If I can offer an understatement: There’s a lot for women to be pissed about. Simmering resentment at our still-second-class existence is the de facto emotional state many of us exist in from moment to moment. Gender dystopias, in which men find new and creative ways to explicitly oppress women, have become outlets for that fury; there’s a Look what they’ll do to us if given the chance! snarl beneath every line of The Handmaid’s Tale’s descendants. Dystopian schemes grant men enough license and the right circumstances to keep women as if they were pets. Worst-Case-Scenario Fiction can feel like it’s doing the same work as worry, like we can ward off theocracies and maternal penal colonies by imagining them ahead of time.
The allure of the feminist utopia is that it dispenses with existential anxiety just as readily as it dispenses with men. In Charlotte Perkins Gilman’s Herland, the original American feminist utopia from 1915, citizens have achieved perfect health; they’re “a clean-bred, vigorous lot, having the best of care, the most perfect living conditions always.” The family units in Ursula K. Le Guin’s story “The Matter of Seggri” mete out child-rearing and domestic duties in harmony with larger governance work. On Whileaway, the single-gendered planet in The Female Man, the workweek is 16 hours; the planet is a place “so pastoral that at times one wonders whether the ultimate sophistication may not take us all back to a kind of pre-Paleolithic dawn age.” Women organize into efficient and congruous guilds. They get shit done, they have it all, they live out wellness mantras and T-shirt slogans. But their interpersonal struggles never seem to be enough to launch great stories. Men always appear, intervene, stir trouble. Once novelists create female bliss, they’re hard-pressed to do much with it.
The men of The Men are gone only for a short while. Weeks after their August 26 flash disappearance renders the first law of thermodynamics moot, videos begin to appear online that show the recently departed gathering in prison yards and by dried-up riverbeds. The setting looks like Earth, but it can’t be; it’s too apocalyptic. The men appear as if underwater, moving their lips in “the jerky, stylized speech motions of Claymation,” cognitively tasered and on a different plane of consciousness.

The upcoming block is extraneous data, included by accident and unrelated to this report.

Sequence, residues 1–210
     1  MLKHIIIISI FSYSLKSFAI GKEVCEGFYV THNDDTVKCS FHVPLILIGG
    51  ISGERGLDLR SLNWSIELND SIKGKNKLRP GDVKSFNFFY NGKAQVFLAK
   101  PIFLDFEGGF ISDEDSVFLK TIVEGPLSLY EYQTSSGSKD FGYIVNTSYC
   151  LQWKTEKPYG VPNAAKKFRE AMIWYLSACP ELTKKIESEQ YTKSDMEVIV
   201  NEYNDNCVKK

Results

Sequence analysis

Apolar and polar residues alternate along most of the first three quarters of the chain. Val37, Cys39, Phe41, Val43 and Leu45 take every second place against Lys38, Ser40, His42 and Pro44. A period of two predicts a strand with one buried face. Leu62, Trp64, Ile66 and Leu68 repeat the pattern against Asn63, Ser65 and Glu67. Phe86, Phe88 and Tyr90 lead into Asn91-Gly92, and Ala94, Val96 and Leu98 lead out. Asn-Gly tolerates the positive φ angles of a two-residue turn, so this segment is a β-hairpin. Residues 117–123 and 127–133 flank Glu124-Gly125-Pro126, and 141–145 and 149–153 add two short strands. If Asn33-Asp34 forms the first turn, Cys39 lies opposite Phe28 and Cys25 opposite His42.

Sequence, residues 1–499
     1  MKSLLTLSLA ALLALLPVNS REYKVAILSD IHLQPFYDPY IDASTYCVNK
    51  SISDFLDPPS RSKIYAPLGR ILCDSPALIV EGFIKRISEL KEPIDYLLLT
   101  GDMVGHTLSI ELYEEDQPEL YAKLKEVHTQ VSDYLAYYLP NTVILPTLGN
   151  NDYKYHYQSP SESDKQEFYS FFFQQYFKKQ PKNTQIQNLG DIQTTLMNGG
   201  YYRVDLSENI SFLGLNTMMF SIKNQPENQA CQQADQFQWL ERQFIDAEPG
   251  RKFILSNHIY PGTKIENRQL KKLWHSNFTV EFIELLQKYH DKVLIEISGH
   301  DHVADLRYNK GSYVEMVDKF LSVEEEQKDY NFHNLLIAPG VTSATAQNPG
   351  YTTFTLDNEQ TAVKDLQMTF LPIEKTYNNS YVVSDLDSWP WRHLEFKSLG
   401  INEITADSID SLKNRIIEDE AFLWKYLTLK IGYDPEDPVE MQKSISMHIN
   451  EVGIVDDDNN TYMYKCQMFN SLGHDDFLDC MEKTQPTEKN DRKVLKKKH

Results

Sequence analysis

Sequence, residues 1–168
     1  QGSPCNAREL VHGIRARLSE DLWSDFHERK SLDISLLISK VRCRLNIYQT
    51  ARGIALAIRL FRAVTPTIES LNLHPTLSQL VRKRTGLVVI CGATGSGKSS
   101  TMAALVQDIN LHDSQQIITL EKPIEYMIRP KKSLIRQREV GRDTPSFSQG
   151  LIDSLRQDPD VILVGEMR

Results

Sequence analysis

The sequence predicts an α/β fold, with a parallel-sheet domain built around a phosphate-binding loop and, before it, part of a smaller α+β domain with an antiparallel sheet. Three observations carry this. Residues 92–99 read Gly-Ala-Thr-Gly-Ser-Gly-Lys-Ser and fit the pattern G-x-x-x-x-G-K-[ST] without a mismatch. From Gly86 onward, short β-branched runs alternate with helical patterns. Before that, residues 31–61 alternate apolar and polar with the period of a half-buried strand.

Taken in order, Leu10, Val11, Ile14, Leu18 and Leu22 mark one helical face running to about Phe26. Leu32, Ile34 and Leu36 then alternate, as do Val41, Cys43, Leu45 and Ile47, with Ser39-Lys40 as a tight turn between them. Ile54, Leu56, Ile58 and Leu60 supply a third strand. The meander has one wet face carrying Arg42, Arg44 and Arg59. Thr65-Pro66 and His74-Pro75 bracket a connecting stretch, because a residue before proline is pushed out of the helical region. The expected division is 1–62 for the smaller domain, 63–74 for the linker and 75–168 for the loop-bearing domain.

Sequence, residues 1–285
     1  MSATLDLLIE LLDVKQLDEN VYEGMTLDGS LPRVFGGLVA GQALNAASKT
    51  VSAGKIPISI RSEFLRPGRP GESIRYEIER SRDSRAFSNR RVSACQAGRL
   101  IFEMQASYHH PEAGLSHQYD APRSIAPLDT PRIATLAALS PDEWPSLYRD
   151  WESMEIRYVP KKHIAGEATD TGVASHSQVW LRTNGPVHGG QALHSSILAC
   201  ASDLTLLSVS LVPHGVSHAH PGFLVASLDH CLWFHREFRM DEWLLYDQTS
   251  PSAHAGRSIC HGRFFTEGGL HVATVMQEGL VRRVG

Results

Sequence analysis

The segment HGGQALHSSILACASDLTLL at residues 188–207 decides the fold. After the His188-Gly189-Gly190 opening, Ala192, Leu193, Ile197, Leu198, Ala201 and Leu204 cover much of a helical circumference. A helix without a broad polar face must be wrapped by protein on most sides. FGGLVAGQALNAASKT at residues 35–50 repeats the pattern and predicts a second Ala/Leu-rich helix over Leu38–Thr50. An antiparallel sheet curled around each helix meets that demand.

The clips spawn branches of academia, cults of dedication, and righteous protestations that they certainly are or are not a hoax. If this is a rapture, the women wonder, why have the men been taken instead of them? “If miracles were happening,” Jane posits, “there must be gods.” Might it be punishment, “after all the wars, the pollution, the rapes?” Women doggedly watch “The Men,” as the clips come to be called; they host viewing parties and hole up with their laptops, more immersed in the surreal digital version of the missing men than the tangible presence of other women. The integrity of the videos becomes a key talking point for the women running for president of the United States, including Evangelyne Moreau, Jane’s former best friend and almost-lover. The men are just as present when they’re missing as they were when they walked the earth.
Here is where the tension dry-rots. Rather than pivot toward the women, to the rush of possibility for a world full of ambitious, complex, at-odds women; rather than push sci-fi heurism to a new dimension by investigating the thrilling, unbearable prospect of a world now populated by the grieving, formerly oppressed class; rather than defy the cruel banality of a binary gender apocalypse, Newman gives men the narrative. She even gives them the title.
Because the men show up from the past too. As placidly as the women live—some in a lush, communal Los Angeles mansion, others on the road with an erudite girl gang—the histories of their violent and power-engorged relationships with men break through. In retrospect, some spot minor flaws that now loom larger: Blanca’s father brought home scores of women and barked at her to mind her business. Ruth’s son Peter, experiencing some variety of mental illness, perhaps made her life worse, and not better? Jane, the woman at the center of this story, reunites with Evangelyne, but then splices her “peaceful and joyous” time during Evangelyne’s rise to political dominance with the story of Alain, the grimy little ballet administrator who coerced her, as a teenager, into having sex with underage boys while he watched.
It’s only secondhand, through Jane, that the most vivid character of The Men comes to life. Evangelyne, raised in a bookish, small-time cult, has an intriguing back story: When she was 16 she killed two police officers who were involved in a raid on her community. She landed in prison, rather than Cornell, where she had just been accepted. This magnet of a woman, “the preposterous hope of the world,” writes a best-selling treatise on commensalism—her political theory, akin to communism, that wealth should be more evenly redistributed, “where eating the rich is a natural process”—from behind bars, and hopscotches through academic, artistic, and political circles. With the men gone, her ideas rip through masses of women eager to see power radiate through circles, rather than up ladders. She fast-tracks toward a nomination for president. Her story, a gay Black woman’s glorious rise—buoyed by an apocalyptic rapture—is the novel’s standout twist against convention. But I’ll let you guess what end Evangelyne meets. Here’s a hint: It’s at the hands of angry men.